The coronavirus travel restrictions are making international and domestic travel for the purposes of both business and leisure nearly impossible. How will COVID-19 affect the travel and tourism industry when global gatherings such as conferences, festivals, parades, concerts, and sporting events have been canceled and future plans scaled back? The coronavirus travel crisis may take much longer to come to an end, than the outbreak itself.
TDA Founder and CEO Goran Deak on the coronavirus travel restrictions and their effect on business: “We need to figure out what’s the perfect way to have Skype meetings or Hangouts meetings or how to hold e-conferences.”
This video is part of a series that includes Coronavirus and the Quest to Crisis-Proof Modern Businesses, and Coping with Coronavirus: Advice for Agencies.
Coronavirus travel restrictions mean crisis for the travel industry
While the tourism industry has faced crises before—most notably the 9/11 attacks—the added problem now is that no one knows how bad this situation will get or how long it will last. As of April 28, 2020 the World Tourism Organization (WTO) reports “that 100% of destinations now have restrictions in place.” It is projected that the coronavirus crisis could put 50 million jobs at risk within the industry.
Aside from leisure and tourism, a large portion of revenue to the travel industry is generated by business travel.
Coronavirus travel is digital
Although business meetings have been conducted virtually for many years, this crisis will mean that remote working will become widespread and long-distance meetings will be conducted via tools like Skype and Google Hangouts rather than in-person. The restrictions on movement caused by the coronavirus outbreak will likely mean that virtual meeting tools get better, and we all get better at communicating digitally.
Even as virtual communication decreases the need for business travel, there is one area that is slow to change. Many international conferences and events still rely on traditional forms of face-to-face networking.
Are virtual events the answer to coronavirus travel restrictions?
Now, for global events requiring attendees to fly in from around the world, organizers are now scrambling to come up with strategies to stop from having to cancel events altogether. For example, Adobe announced that its annual live summit will take place online, with many other tech conferences to follow suit.
This poses a huge opportunity for virtual events start-ups such as Hopin and Run the World that promote a new culture of networking. Before the coronavirus crisis, the demand for these services was already on the rise. Now it’s through the roof. It is likely that this digital alternative will change the way businesses network for good and ensure that global events are crisis-proofed should a crisis of this scale hit again.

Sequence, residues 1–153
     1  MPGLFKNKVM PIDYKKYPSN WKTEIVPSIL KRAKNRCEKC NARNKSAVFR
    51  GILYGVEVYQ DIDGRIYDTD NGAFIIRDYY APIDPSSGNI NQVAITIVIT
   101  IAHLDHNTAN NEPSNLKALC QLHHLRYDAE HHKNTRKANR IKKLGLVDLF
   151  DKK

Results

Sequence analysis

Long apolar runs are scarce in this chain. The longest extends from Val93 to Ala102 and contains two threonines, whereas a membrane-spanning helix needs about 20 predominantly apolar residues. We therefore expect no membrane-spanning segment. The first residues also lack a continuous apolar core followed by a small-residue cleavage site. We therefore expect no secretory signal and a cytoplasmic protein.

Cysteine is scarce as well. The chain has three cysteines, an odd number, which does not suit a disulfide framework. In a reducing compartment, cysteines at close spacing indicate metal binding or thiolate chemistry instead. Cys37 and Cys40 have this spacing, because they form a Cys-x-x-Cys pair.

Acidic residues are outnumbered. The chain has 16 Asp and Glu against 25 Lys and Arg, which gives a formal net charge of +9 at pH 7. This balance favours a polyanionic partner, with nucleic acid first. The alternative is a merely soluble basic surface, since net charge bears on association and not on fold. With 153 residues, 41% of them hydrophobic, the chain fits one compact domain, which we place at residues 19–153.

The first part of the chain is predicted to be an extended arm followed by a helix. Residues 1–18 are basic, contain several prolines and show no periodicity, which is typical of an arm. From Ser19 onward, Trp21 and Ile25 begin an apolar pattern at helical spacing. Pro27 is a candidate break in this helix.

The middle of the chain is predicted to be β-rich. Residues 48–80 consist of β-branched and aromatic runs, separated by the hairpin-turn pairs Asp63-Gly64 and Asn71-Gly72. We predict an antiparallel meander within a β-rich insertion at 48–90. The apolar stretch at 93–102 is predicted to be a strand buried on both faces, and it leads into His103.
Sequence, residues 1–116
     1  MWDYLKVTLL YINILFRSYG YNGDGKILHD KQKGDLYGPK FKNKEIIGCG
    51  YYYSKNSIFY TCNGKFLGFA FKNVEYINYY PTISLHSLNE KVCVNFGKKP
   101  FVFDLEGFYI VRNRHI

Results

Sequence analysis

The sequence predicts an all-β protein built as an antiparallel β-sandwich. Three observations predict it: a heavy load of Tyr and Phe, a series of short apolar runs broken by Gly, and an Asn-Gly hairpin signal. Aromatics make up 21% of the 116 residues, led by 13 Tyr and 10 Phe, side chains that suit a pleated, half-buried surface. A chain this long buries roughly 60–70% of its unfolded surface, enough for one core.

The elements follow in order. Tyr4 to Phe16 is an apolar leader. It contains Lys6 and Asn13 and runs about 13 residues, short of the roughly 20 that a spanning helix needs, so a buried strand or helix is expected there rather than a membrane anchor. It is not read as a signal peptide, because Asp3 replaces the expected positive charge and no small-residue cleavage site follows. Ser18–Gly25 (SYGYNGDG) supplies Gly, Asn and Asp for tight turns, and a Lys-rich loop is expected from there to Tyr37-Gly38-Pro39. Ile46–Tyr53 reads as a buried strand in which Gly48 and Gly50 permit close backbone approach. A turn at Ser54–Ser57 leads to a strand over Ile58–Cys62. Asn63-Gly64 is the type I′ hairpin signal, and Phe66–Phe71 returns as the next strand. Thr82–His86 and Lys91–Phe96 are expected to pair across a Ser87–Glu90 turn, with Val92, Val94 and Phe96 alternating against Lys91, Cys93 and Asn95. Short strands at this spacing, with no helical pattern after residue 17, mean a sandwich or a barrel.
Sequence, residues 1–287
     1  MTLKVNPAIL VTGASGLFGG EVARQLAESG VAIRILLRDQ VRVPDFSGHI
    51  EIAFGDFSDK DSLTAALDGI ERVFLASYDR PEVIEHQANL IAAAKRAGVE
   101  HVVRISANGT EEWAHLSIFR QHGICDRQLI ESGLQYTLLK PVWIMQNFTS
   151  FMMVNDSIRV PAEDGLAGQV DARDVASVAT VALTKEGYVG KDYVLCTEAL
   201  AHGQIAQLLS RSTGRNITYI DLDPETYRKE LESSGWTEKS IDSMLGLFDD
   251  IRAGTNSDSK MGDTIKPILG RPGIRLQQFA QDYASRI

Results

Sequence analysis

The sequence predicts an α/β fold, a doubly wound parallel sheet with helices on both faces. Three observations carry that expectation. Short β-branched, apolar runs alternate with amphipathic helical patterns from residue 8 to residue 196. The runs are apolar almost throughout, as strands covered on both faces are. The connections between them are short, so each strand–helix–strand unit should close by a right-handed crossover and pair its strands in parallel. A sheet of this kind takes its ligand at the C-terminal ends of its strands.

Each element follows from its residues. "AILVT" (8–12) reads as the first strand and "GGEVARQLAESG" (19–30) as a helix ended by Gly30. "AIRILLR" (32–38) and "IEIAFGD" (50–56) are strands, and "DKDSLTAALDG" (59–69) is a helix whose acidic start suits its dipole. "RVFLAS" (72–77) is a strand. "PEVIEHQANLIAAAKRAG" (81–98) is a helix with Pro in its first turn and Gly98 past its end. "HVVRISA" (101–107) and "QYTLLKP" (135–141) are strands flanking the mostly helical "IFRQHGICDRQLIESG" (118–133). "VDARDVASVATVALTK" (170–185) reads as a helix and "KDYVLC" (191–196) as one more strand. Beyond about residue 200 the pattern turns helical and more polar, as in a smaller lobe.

In this interview, we explore not just business travel, but how the entire travel and tourism industry will be impacted by COVID-19, how we can adapt, and how businesses can rebuild after the crisis.
On virtual tourism
You see a lot of potential now with really good cameras and 3-D technology and 360 technology that you could actually take advantage and create virtual tourism services for customers and virtual reality tourists.
On business travel
In this case, the change isn’t that hard and most people can do it, we just need to adapt. We need to figure out what’s the perfect way to have Skype meetings or Hangouts meetings or how to hold e-conferences.
On making the most out of the downtime
Now everything going into quarantine and being shut is a really good time to put your ideas on paper and see how many of them can we digitize. How many of them can we create a new type of experience and how many of them can we create for customers who are not physically attached to us, but who are living in a whole different part of the world.
On rebuilding tourism after the crisis
I believe that companies such as Netflix are now creating value and creating customers and after everything stops and we go back to normal, which we eventually have to, I think users with good experience and good communications from those brands will stay and continue to consume the services that they offer. I see the same potential in the tourism sector.
I don’t think people should stop doing what they’re doing…But at the same time, I think people, entrepreneurs, business owners, investors, banks, should take a look at how they can create new revenue streams.